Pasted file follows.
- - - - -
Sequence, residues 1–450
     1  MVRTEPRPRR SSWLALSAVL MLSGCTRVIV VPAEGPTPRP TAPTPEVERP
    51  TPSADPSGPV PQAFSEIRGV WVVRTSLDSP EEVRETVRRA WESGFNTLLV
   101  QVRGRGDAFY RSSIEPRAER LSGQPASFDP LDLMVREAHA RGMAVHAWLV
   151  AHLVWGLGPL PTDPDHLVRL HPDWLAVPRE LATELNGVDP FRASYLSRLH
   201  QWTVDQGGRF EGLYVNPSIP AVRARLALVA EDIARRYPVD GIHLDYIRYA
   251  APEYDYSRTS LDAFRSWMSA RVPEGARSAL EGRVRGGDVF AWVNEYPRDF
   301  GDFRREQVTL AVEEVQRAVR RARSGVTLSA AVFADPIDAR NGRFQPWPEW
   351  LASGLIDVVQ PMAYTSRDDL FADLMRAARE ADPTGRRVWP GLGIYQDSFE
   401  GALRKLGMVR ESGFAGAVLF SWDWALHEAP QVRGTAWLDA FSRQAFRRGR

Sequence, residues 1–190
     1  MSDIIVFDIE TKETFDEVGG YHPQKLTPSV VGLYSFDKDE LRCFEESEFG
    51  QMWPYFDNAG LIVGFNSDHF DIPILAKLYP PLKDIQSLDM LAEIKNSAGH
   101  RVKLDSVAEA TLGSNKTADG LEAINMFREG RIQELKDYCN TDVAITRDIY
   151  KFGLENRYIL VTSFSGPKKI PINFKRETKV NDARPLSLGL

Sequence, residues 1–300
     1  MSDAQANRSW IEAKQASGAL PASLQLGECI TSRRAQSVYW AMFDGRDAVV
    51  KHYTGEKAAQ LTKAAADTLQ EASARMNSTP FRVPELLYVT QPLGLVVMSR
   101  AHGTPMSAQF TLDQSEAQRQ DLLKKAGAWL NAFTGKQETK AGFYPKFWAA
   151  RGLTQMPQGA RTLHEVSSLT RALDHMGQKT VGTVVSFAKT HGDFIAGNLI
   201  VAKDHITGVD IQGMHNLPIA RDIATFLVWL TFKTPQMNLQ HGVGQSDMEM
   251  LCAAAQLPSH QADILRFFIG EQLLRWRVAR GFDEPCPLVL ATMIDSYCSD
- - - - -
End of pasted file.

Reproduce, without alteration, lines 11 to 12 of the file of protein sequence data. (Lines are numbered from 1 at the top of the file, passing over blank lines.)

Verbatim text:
Sequence, residues 1–190
     1  MSDIIVFDIE TKETFDEVGG YHPQKLTPSV VGLYSFDKDE LRCFEESEFG